Carol H. Sandt

“Once you stop learning, you start dying.” – Albert Einstein
[Last edited by csandt - Dec 21, 2017 8:57 AM (+)]
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Name: Deb
Pacific NW (Zone 8b)
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Bonehead
Dec 21, 2017 8:49 AM CST
Another piece to consider is prevailing winds. We bought 15 acres some 35 year ago and immediately built a house on it. In a perfect world, I would have waited a year before even beginning to plan a house (but who has that time...) to experience all four seasons and pay attention to where the wind blew and how the sun changes. Our primary deck faces away from the road, but directly into the face of the wind. Some of my gardens are also in the path of pretty stiff winds, and all the shrubs have an obvious kink to them. Other gardens are protected by buildings or trees and are just a treat to work in.

Noise is another factor to consider. Trains are nice if they are far enough away, planes can be annoying. We are about a mile off a main interstate highway. That is handy for easy access, but as the years have gone by, more and more trees have been cut between us and the road and now I have a definite underlying traffic growl that rather drives me crazy.

The flip side is how accessible will your local stores be. Our trade-off for the traffic noise is we are 10 minutes away from a small town (groceries, gas, medical, banks, feed store, shops). The town is small enough to not have any big box stores, but large enough to meet our immediate needs.

Look closely at your potential neighbors. Our property was discounted because the guy below us was a junker. For whatever reason, every owner (6 so far) of that property has also been a junker. Nice folks all of them, but they apparently are unable to pass up anything free! I'm OK with it, we've just planted lots of screening over the years.

It is important to remember that you can only control what you actually own. I don't know how many times our small town newspaper has people up in arms because of planned development - they somehow think because they moved here for the 'countryside' it should always stay that way. If you want to look out your back door at the deer roaming a woodlot, you'd best own that woodlot or you may eventually be gazing at a whole slew of near identical houses.

Your plan sounds lovely, I wish you the best of luck with it.
I want to live in a world where the chicken can cross the road without its motives being questioned.
Name: stone
near Macon Georgia (USA) (Zone 8a)
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stone
Dec 21, 2017 3:00 PM CST
While referring people to other forums might not be exactly copacetic, this seems like the kind of question I see asked over and over over at the survivalist forum:
http://www.survivalistboards.c...

You might hop over there and search the old threads... or try google:
https://www.google.com/search?...

And then (after reading), go ahead and post your question... Lot of interest in property and growing food among the survivalists....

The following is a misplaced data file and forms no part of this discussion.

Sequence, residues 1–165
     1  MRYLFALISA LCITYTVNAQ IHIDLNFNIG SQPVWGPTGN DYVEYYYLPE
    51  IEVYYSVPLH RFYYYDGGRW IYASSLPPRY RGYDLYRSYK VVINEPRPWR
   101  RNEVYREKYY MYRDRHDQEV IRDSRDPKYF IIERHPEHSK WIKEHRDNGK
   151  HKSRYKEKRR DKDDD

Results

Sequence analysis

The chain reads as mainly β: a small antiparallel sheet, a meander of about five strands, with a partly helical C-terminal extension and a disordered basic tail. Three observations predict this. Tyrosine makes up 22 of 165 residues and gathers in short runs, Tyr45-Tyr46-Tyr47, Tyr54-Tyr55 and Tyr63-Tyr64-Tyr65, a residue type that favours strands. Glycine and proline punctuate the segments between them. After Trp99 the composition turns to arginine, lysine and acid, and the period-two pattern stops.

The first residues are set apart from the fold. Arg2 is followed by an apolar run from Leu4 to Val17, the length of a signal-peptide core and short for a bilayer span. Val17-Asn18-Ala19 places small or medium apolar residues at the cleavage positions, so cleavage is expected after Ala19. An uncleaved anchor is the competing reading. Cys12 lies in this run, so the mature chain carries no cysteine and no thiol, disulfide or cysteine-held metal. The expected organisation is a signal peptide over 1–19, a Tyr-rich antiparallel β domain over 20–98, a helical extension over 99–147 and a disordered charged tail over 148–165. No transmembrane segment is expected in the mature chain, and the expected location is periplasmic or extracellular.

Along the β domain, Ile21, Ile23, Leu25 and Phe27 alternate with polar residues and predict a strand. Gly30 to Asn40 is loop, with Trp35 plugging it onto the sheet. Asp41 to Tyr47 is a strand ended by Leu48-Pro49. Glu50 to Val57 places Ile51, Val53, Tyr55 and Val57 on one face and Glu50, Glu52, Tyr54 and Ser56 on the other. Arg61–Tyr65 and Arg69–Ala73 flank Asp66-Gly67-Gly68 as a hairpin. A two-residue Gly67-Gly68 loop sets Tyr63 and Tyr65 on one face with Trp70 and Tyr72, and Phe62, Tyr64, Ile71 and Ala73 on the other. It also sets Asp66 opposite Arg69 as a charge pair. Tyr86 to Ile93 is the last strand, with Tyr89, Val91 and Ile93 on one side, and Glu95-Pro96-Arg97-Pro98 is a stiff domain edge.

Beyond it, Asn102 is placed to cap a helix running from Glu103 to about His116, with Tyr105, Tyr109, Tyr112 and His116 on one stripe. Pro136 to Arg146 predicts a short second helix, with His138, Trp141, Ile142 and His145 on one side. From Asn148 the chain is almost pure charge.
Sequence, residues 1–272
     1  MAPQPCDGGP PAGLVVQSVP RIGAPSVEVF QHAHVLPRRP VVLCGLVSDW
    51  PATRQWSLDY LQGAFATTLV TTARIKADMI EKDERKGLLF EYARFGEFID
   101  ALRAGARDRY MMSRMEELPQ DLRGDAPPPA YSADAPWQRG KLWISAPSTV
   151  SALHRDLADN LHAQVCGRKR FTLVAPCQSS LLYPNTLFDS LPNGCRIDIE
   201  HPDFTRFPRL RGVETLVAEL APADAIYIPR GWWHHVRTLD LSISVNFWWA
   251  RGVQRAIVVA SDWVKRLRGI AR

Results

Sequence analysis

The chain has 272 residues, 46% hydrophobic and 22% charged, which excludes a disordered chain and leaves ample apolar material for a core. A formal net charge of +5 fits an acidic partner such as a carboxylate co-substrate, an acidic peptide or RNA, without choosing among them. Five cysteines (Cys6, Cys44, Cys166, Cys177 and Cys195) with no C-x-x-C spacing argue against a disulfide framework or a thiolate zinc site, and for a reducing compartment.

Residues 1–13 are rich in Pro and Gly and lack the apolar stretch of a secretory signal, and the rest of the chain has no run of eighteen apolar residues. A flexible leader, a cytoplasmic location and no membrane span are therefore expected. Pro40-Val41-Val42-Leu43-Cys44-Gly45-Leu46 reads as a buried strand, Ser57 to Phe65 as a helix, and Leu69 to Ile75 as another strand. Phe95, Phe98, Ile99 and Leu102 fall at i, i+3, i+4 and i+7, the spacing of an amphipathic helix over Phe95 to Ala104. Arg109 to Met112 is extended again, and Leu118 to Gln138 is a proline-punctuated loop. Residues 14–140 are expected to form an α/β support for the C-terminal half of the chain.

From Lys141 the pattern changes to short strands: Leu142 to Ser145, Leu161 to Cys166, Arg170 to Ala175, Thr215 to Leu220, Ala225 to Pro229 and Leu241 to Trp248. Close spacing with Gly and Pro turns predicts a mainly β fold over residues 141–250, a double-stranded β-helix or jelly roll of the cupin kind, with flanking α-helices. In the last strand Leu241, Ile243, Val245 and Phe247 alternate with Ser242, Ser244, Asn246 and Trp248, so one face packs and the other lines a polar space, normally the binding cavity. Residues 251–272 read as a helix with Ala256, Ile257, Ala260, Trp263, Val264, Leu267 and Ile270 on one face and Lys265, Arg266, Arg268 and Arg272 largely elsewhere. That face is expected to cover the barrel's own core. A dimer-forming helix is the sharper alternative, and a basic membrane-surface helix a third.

as far as my personal suggestions?
while I've had good experiences in WV, that is a state with a lot of problems due to mountain top removal coal mining... so... be aware that the water might be poison.

As far as "weeds"...
Never heard of them...
God didn't create weeds.

One person's weeds is another person's native plants.

And in my experience, the weed problems are in town, where all those exotic plants have escaped cultivation.
out in the country? I don't see them.

A problem I had here... buncha drug labs in the area.
Do you know what to expect from meth-heads? they gotta steal to support their life-style...

As far as gardening?
Any area is going to be subject to different pests, diseases, drought/flooding.... whole new set of things to learn with each location... nothing like jumping in and getting your feet wet!
Name: Karen
NM (Zone 7b)
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plantmanager
Dec 21, 2017 3:10 PM CST
I don't have any real suggestions for you, Jai, but your dream sounds very doable, and I have a feeling that you'll make it a wonderful place! It takes money, and a lot of work, but it's totally worthwhile to have the place you dream of.

We finally have our dream place. I wish we'd found it much earlier. You're starting early so that's great! We have an iffy well, so check your water sources carefully.
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Name: Daisy I
Reno, Nv (Zone 6b)
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DaisyI
Dec 21, 2017 7:30 PM CST
Hi Jai,

We found our dream "farm" 40 years ago in the Central Valley of California. It was only two acres with a house that hadn't been lived in for 4 years. I made a list of all I wanted to do with my dream farm and then plotted the amount of land I thought each endeavor would take. My final accessment was 1.5 to 5 acres. Luckily, our back neighbor grew wheat and our side neighbors (we couldn't see them) sat on their decks and watched their weeds grow. It was very quiet.

Orchard, barn, pond, greenhouse, vegetable garden, chicken coop, geese, ducks. NO lawn, NO pasture but a cactus garden, a wild flower garden, a forest of pines, oaks and birch trees. When we moved in, the weeds (sorry Stone, no other way to descibe them) were 5 ft tall. They had NO redeeming value unless thistle, prickly lettuce and Poison Hemlock get you excited. It took me almost 30 years but when I was done, I was proud of what I had accomplished.